Satellite Cell Proliferation In Low Frequency-stimulated Fast Muscle Of Hypothyroid Rat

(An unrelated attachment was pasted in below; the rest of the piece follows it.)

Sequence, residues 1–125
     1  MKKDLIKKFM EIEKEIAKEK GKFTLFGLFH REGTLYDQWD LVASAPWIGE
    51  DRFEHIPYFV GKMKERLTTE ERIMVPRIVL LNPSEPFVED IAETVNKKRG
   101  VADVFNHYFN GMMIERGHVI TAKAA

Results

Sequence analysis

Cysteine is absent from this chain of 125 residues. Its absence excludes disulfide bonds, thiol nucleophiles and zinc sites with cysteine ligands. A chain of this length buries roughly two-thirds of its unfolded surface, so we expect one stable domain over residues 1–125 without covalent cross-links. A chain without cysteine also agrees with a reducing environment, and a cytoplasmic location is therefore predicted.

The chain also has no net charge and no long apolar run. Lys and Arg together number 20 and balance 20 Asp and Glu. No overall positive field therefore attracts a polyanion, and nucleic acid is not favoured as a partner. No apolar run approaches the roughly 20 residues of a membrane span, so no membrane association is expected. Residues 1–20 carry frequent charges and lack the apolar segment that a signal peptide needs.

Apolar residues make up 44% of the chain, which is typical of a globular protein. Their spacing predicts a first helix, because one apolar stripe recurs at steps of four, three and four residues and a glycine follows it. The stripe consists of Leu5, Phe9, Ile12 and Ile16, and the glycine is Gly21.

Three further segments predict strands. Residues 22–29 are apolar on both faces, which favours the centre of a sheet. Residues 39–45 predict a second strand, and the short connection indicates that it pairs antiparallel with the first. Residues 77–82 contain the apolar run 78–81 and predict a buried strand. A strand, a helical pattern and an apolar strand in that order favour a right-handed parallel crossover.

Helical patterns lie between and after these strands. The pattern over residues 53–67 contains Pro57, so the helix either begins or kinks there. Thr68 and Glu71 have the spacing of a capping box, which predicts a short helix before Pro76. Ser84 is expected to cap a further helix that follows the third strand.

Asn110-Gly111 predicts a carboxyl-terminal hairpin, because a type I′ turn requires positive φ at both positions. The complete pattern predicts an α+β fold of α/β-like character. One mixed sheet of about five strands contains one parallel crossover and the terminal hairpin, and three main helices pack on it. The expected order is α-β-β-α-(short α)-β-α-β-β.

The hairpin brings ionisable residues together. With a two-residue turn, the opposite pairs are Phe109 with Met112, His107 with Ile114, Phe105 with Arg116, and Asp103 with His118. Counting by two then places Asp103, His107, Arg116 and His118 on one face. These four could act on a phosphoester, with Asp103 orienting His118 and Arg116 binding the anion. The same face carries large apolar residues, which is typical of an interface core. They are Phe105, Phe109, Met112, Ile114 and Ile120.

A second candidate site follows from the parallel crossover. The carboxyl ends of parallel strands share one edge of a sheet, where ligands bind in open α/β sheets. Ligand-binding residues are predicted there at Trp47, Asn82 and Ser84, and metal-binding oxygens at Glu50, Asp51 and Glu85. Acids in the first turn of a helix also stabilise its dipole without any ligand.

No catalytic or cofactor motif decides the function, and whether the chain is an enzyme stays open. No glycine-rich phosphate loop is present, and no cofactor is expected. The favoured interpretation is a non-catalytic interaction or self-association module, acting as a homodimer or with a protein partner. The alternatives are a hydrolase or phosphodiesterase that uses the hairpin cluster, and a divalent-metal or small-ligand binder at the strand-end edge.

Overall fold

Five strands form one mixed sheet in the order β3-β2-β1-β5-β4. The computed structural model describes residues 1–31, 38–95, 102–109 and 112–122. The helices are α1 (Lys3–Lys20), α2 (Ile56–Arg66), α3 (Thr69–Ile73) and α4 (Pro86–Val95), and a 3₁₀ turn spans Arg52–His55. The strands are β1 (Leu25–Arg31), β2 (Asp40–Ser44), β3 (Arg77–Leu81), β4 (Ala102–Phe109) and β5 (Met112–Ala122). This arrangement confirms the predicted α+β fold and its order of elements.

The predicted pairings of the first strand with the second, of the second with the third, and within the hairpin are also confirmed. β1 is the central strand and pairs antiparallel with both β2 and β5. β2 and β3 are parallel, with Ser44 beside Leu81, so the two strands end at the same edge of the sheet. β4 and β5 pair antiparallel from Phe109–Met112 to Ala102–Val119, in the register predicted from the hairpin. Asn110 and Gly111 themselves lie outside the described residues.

Satellite cell proliferation was assessed in low-frequency-stimulated hypothyroid rat fast-twitch muscle by 5-bromo-2′-deoxyuridine (BrdU) labeling and subsequent staining of labeled muscle nuclei, and by staining for proliferating cell nuclear antigen (PCNA). BrdU labeling and PCNA staining were highly correlated and increased approximately fourfold at 5 days of stimulation, decayed thereafter, but remained elevated over control in 10- and 20-day stimulated muscles. Myogenin mRNA was ∼4-fold elevated at 5 days and 1.5-fold at 10 days. Staining for myogenin protein yielded results similar to that for PCNA and BrdU. Furthermore, a detailed examination of the pattern of myogenin staining revealed that the number of myogenin-positive nuclei was elevated in the fast pure IIB fiber population at 5 and 10 days of chronic low-frequency stimulation. By 20 days, myogenin staining was observed in transforming fast fibers that coexpressed embryonic and adult myosin heavy chain isoforms. In the slower fiber populations (i.e., IIA and I), myogenin-positive transforming fibers that coexpressed embryonic myosin heavy chain, appeared already at 5 days. Thus the satellite cell progeny on slower fibers seemed to proliferate less and to fuse earlier to their associated fibers than the satellite cell progeny on fast fibers. We suggest that the increase in muscle nuclei of the fast fibers might be a prerequisite for fast-to-slow fiber type transitions.